C Peshin, P Bhat, T Lal, P Singh
asymmetrical, bilateral, hip dislocation
C Peshin, P Bhat, T Lal, P Singh. Bilateral Asymetrical Hip Dislocation Due To An Unusual Mechanism. The Internet Journal of Orthopedic Surgery. 2008 Volume 11 Number 1.
Simultaneous anterior and posterior dislocation of both hips is extremely rare. We report a case of asymmetrical
bilateral dislocation of previously normal hips in a 65 year old female.
In this case, an unusual mechanism of injury resulting in such a pattern of dislocation is discussed.
A 65 year old female presented to the emergency room (ER) with bilateral hip trauma following collapse of a mound of
loose earth she was digging at. On admission, her left leg was fixed in flexion, internal rotation, and adduction,
while the right was in slight flexion, external rotation and abduction. There was no externally visible soft tissue or
bony injury of any other part. No associated visceral injury was present. Distal neurovascular status in both
the logs was normal. An anteroposterior radiograph of the pelvis showed a posterior dislocation of the left hip
and an anterior dislocation (Inferior / obturator) of the right hip. There was a fracture of superior pubic ramus
fracture of the right side and a split fracture of the inferior pubic ramus extending into the ischial ramus of
the left side. Both hips were reduced by closed manipulation under intravenous sedation in the E.R. within
1 hour of presentation. A post reduction radiograph confirmed concentric reduction of both the hip joints.
Patient was put on bilateral skeletal traction for 3 weeks after which traction was released and range
of motion (ROM) exercises were begain. Now at 7 weeks of follow up, she has a painless and complete ROM
at both the hip joints.
Simultaneous bilateral dislocation of the hip joints is a rare pattern of injury and asymmetrical involvement is even rarer, accounting for less than 0.8% of all hip dislocations (3, 9). Considerable amount of direct force transmitted longitudinally to the thigh is required to result in a dislocation at the hip, an intrinsically stable, joint by design. Most common causatine mechanism is high energy trauma during motor vehicle accidents (MVA). Often a result of dashboard injuries during a car crash, bilateral asymmetrical hip dislocation results from a peculiar "Wind Swept" position of the legs at the time of impact (8). Very few cases of such a pattern of dislocation at the hip are documented in the literature with almost all resulting from MVA's [1,2,3,5,7,8,9,10]*. In our case, the patient was sitting on the ground with the right leg in flexion and abduction at the hip and left in flexion and adduction. As the mound she was digging at collapsed, she was thrown down on her back with the hips in the same attitude, thereby resulting in an asymmetrical dislocation, i.e. anterior on the right and posterior on the left. Interestingly, there was no other major pelvic ring, spinal or visceral injury. This is almost similar to the mining or pit accidents, wherein, collapse of the roof of the mine results in such an injury. However, in contrast to the sold rock that causes such dislocations in a mining accident, in our case, it was the loose earth from the mound.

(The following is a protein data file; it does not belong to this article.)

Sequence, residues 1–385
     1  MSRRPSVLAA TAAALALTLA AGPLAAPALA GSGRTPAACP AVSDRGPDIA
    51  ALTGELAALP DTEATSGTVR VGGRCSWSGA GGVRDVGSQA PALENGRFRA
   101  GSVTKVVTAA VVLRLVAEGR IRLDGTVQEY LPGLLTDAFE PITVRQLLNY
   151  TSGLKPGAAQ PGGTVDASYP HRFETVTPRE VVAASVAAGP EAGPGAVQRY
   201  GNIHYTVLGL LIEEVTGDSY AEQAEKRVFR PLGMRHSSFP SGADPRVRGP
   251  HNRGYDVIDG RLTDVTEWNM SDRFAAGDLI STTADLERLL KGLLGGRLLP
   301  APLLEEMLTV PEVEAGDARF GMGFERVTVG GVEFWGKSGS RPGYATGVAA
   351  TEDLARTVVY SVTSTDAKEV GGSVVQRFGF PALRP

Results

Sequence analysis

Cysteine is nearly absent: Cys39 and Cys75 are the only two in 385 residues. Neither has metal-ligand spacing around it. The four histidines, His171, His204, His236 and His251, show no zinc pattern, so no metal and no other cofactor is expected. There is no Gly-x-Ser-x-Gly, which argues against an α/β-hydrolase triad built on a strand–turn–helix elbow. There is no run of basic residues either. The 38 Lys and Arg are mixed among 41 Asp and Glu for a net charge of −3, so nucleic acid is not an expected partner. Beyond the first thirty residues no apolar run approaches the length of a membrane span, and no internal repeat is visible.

Traumatic dislocation of the hip are medical emergencies and early diagnosis with immediate reduction of the
dislocation is the key determinants of an excellent result. Avascular necrosis is reported to occur in 4% of hip
reduced within 6 hours and 58% of those that remained dislocated for more than 6 hours (4,6). In our
case, both the hips were reduced within 6 hours of trauma and follow up at 7 weeks shows a painless and full